If you are lucky enough to find a second continent early on, your job is to populate both sides of the continental splits with cities. Make sure all Trade Routes sent are intercontinental to maximize the yields. One way to guarantee this condition met without having to turn on the Continental lens all the time is to settle cities totally on the foreign continent and send all Trade Routes to and from your Capital. This will help your Capital grow at an accelerated speed, also allows the Colonial Taxes and Colonial Offices policy cards, and the Casa de Contratación and Torre de Belém Wonders to be much more effective. Later in the game, Trade Route yields can be amplified even further through policy cards like Triangular Trade, Trade Confederation, Wisselbanken, Market Economy, etc.
Free Builder and extra Production towards Districts for cities founded on a foreign continent
As if the Trade Route yields are not enough to incentivize settling away from the Capital, Spanish cities founded on a foreign continent also have a really strong start. They start with a free Builder and receive 25% extra Production towards building Districts. The free Builder mechanic stacks with the Ancestral Hall, which is the recommended tier 1 government building for a civilization that requires rapid expansion and colonialization like Spain. With two free Builders, it is recommended that you run Land Surveyors to reduce the cost of purchasing land plots, since you most likely will buy a lot of land just to use up all the build charges and get the city up and running quickly.
Extra Production towards building Districts is just a cherry on top. Spain is known to be a civilization that requires a combination of many Districts, similar to how Poland works. They need Commercial Hubs or Harbors for Trade Routes, Holy Sites for their religious pursuits, Campuses for scientific endeavors and to buff up the Missions, and Encampments to prepare for the arrival of their Conquistadors. This bonus is impactful in establishing Spanish presence on a new continent, pushing new cities to a good start and beginning their colonialization process on other empires on that same continent.
This ability does work when Spain captures a city that is not on their Capital's continent, which seems to be an unintended feature. The free Builders granted are not limited to one per city either, meaning capturing a city, losing it, and capturing it again will grant you multiple Builders for every time Spain asserts its ownership over the city.
Can form Fleets and Armadas with Mercantilism
Inarguably the least impactful part, this aspect rarely has any game changing consequences on the outcome of the game. At first, it may sound comparable to the Zulu's ability (which is undoubtedly very strong), but in reality, it isn't. Even without going into details that navies generally carry less significance than land armies, forming Fleets and Armadas is not cost effective. The Zulus have the Ikanda that allows them to build Armies and Corps outright without the Military Academy, whereas Spain still requires the Seaport to do that like a normal civilization.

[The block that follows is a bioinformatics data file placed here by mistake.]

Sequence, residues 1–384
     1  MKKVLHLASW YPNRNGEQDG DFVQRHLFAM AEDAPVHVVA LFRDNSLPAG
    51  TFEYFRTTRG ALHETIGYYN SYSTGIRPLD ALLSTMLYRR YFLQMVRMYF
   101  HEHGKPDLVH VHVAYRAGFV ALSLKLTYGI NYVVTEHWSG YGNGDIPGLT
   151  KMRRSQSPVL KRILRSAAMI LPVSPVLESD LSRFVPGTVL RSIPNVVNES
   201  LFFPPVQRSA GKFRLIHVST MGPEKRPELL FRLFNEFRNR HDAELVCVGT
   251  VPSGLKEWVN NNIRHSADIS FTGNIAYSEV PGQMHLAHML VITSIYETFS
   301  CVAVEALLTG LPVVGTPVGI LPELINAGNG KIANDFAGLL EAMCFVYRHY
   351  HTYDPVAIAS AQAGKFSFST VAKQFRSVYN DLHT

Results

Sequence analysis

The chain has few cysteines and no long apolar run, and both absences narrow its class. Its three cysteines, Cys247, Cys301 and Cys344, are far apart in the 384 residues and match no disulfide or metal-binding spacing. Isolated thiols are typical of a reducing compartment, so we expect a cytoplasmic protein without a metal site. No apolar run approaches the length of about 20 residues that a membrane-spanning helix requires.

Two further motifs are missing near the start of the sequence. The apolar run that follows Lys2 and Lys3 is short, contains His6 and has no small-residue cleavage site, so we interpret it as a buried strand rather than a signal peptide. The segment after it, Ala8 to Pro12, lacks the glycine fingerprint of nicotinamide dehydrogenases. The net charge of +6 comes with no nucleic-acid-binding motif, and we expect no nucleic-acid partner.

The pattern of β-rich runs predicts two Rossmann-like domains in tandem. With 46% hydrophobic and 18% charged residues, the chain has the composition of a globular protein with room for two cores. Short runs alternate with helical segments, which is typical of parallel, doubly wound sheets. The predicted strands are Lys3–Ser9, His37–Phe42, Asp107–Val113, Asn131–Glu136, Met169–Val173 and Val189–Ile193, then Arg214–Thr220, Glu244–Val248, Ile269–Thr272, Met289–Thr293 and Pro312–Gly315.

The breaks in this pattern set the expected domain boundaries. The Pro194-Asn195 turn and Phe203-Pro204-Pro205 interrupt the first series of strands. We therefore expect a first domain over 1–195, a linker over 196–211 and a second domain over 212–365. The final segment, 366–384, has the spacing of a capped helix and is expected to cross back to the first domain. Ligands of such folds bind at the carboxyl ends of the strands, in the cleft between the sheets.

With that being said, this ability reduces the pressure of having to have a lot of Culture if you want to be competitive in the oceans, and Spain probably will be behind in Culture. The only naval class that this ability can be useful for is naval ranged, most likely Frigates, considering the time this ability becomes available. Naval raiders are mainly used for coastal raiding, merging multiple units into one defeats the purpose of the class, and the only purpose of naval melee is to capture coastal cities. An Armada of Frigates will have 72 Ranged Strength without suffering 17 Ranged Strength penalty for attacking cities, which is really powerful if you want to invest Production into. As mentioned above, the main downside of trying to use this ability is how expensive Fleets and Armadas are when trying to train them from scratch, so anything that can reduce the cost of building individual ships is welcome, such as policy cards or even the Venetian Arsenal. Try to form at least one Armada of Frigates if you have a good coastal city with high Production, and use it to assist your Conquistadors in conquest. By doing that, you will also unlock for historic moments for the first Fleet and first Armada in the world.
Circumstances of unfavorable continental divisions
Your starting bias does not guarantee you will easily find a second continent. After all, this is only a tier 3 starting bias, and long Mountain ranges do not have to be splitting two continents. The good thing about Spain, when compared to England, is that Spain does have other bonuses that do not depend on the continental split to be effective. In unfavorable situations, your Trade Routes will not be as powerful, so scale back on Harbor and Commercial Hub's priority, and focus on Science and Faith output through Campuses and Holy Sites.